||compensation or benefit cost ÷ revenue
|Cost per hire
||recruitment costs ÷ (compensation cost + benefits cost)
|Engagement or satisfaction rating
||percent of employees engaged or satisfied overall or with a given aspect of the workplace
|Percent of performance goals met or exceeded
||# of performance goals met or exceeded ÷ total # of performance goals
|Percent receiving performance rating
||# of employees rated under a given score or rating on their performance evaluation ÷ total # of employees
|Revenue per employee
||revenue ÷ total # of employees
|Return on investment (ROI)
||(total benefit – total costs) x 100
|Time to fill (average)
||total days taken to fill a job ÷ number hired
||sum of total training hours ÷ total # of employees
||average # of years of service at the organization across all employees
||# of employees exiting the job during 12 month period ÷ average actual # of employees during the same period
||total costs of separation + vacancy + replacement + training
||total number of employees utilizing a program/service/benefit ÷ total number of employees eligible to utilize a program/service/benefit
|Workers’ compensation cost per employee
||total workers compensation cost for year ÷ average number of employees
|Workers’ compensation incident rate
||(number of injuries and/or illnesses per 100 full-time employees ∕ total hours worked by all employees during the calendar year) x 200,000
||percentage of applicants from a recruitment source that make it to the next stage of the selection process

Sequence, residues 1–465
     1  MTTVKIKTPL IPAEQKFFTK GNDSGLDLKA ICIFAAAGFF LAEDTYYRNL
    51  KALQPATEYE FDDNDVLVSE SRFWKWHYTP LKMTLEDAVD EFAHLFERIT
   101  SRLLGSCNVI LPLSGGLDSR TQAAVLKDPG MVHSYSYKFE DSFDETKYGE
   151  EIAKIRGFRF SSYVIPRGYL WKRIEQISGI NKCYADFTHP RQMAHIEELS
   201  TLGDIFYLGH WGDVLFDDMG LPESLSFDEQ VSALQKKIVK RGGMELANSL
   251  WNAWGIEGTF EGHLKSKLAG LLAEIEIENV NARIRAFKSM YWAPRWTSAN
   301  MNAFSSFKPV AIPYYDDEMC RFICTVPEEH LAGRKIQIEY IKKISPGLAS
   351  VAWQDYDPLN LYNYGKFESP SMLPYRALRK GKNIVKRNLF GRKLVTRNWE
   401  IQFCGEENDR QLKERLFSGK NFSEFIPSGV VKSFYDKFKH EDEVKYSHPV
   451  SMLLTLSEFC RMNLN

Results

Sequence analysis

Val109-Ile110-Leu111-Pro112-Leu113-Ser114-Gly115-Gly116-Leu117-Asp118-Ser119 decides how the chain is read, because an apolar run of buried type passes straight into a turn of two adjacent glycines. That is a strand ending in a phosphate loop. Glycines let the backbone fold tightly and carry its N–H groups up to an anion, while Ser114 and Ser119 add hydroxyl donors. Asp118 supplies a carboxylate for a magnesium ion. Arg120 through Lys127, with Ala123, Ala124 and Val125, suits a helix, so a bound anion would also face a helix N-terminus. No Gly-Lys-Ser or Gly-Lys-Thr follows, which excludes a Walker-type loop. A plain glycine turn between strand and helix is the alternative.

Leadership Takeaway: Metrics are not to be used as a tool for micro-management but they are a tool to be used for effective leadership and guidance. Jumpstart:HR offers a unique year-long HR Outsourcing/Advising service to it’s costumers that allows us to chart metrics and for your organization and recommend growth strategies that are both measurable and cost-effective.
Human Resources Takeaway: HR is constantly asking to prove itself by the value added contributions that it brings to an organization. If you’re having trouble communicating your value to Senior Officials then it may be time to consider Jumpstart:HR as a trusted Strategic Partner. Work with us to define your specific HR goals and manage them in a long-term plan.
Professional Development: Dead-end jobs are found in organizations that don’t track metrics that a relevant to your career growth and development. When interviewing for a position, ask what kind of tools the organization uses to track staffing and career development. If your organization doesn’t do such things then it may be time to hire your own personal HR Department. Jumpstart:HR offers personal career development coaching sessions to help you get the most out of your career.